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Benjamin Fung, Associate Professor, McGill University

Tuesday August 27, 2013 (22:44:52)   (3982 Reads)
Dr Benjamin Fung
Benjamin, you're an Associate Professor of Information Studies at McGill University - can you tell us more about the role and how you entered academia?

Certainly. As you say, I am currently an Associate Professor of Information Studies at McGill University and previously was an Associate Professor of Information Systems Engineering at Concordia University. I am particularly interested in developing new, scalable data mining methods for privacy protection and crime investigation.

In 2003, after working in the software industry for four years, I noticed there was a need for scalable data mining methods. As a result, I resigned from my job at SAP Business Objects and studied a Ph.D. in computing science, specializing in data mining, at Simon Fraser University. Recently, there is a hot research topic called "big data", but data miners have been working on "big data" for more than 20 years already.   more ...


Kathryn Seigfried-Spellar, Assistant Professor, University of Alabama

Friday August 16, 2013 (16:22:19)   (4817 Reads)
Kathryn, you’re currently an Assistant Professor in the Department of Criminal Justice at the University of Alabama – can you tell us more about your role and how you entered academia?

First, I should start by saying that I never thought I would be a professor - I fully intended on becoming a law enforcement officer. While pursing my Bachelor of Arts degree, I double majored in Psychology and Law and Society and minored in Forensics. During my summers, I even worked as a jail officer in Indiana and interned for New York City’s Department of Corrections. However, all of my mentors kept telling me to stay in school, obtain my Ph.D., and “see what happens then.” It was like they knew where I was meant to be (before I even did). During the last year of my Ph.D. in 2010-2011, I had to decide: Am I the type of person who answers questions – or – Am I type of person who waits for someone else to do it for me? So to answer your question, the day I entered academia was the day I realized I never wanted to leave – I had too many unanswered questions.   more ...


Dr Kamil Reddy, Independent Consultant, South Africa

Saturday August 03, 2013 (00:46:32)   (2851 Reads)
Dr Kamil Reddy
Kamil, you’re currently an independent consultant in digital forensics – can you tell us more about your work and how you first became interested in the field?

My independent consulting has, to date, been predominantly in the fields of information security and privacy. I haven't had an opportunity yet to work directly in digital forensics as an independent consultant. Mostly my work in information privacy revolves around ensuring compliance with impending information privacy legislation in South Africa. This legislation is modelled around European Union information privacy law and mandates the use of generally accepted information security standards, such as ISO 27001/2. Thus, much of my work also involves providing consulting advice on the necessary information security controls.   more ...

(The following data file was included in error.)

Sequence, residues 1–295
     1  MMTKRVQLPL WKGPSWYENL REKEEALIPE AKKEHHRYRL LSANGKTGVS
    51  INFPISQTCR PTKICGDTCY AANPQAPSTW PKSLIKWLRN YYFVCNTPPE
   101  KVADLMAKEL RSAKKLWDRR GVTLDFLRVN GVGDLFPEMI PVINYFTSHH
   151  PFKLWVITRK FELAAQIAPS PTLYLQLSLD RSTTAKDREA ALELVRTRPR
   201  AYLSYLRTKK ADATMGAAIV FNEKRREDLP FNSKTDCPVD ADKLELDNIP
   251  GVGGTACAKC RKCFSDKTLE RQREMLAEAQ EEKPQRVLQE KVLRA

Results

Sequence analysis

Jim Grady, President, Cellebrite USA

Sunday July 28, 2013 (12:28:05)   (3230 Reads)
Jim Grady, President, Cellebrite USA
Jim, please tell us a bit about yourself and your background before joining Cellebrite.

I´ve been involved in the wireless industry as an executive for over 20 years, both on the carrier side and the vendor side. Prior to Cellebrite, I was vice president and general manager at Bell Labs. I have an MBA from Harvard Business School and a Bachelor of Science in Mechanical Engineering from the University of Maine.

You became CEO of Cellebrite USA, Inc. at the end of 2011. What prompted that move and what does your current role involve?

I felt drawn to this opportunity based not only on the growth of the market, but also the chance and the ability to help law enforcement and private sector investigators adapt more smoothly to the demands mobile technology places on their skills. As CEO of Cellebrite USA, I am responsible for the vision, strategies and people that drive business for the largest market in mobile forensics.   more ...


Dr Richard Overill, Senior Lecturer in the Department of Informatics, King's College London

Saturday July 27, 2013 (23:17:20)   (4245 Reads)
Dr Richard Overill
Richard, you’re currently a Senior Lecturer in Computer Science at KCL – can you tell us more about your role and how you entered academia?

Like much, perhaps most, of my life, it was purely serendipitous! I had finished the research for a PhD in computational quantum theory at the University of Leicester, and needed a job to support myself while I wrote up the thesis. I just happened to spot an advert for an Analyst-Programmer at King's College London in the trade press, applied and got the job. After a year the PhD was completed, but I was asked to stay on and contribute some teaching of programming and do some collaborative computational research. And when King's subsequently set up an academic Department of Computer Science (which has now become the Department of Informatics) it was the natural place for me to migrate to. Rather unenterprisingly, I've been here ever since!   more ...